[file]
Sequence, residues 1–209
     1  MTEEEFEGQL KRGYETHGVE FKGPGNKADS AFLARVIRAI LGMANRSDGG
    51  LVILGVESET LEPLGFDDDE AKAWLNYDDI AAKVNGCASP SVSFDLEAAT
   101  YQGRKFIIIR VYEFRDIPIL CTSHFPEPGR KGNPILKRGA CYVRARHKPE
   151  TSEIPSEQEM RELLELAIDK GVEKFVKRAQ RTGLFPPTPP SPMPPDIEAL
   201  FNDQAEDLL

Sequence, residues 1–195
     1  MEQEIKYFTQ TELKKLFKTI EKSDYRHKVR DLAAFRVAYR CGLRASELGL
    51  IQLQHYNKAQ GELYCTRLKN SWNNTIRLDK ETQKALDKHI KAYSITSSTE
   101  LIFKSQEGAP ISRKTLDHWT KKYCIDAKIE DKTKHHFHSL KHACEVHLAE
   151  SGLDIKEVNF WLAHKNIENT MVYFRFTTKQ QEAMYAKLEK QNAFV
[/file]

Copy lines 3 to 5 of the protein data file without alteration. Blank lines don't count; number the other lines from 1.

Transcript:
    51  LVILGVESET LEPLGFDDDE AKAWLNYDDI AAKVNGCASP SVSFDLEAAT
   101  YQGRKFIIIR VYEFRDIPIL CTSHFPEPGR KGNPILKRGA CYVRARHKPE
   151  TSEIPSEQEM RELLELAIDK GVEKFVKRAQ RTGLFPPTPP SPMPPDIEAL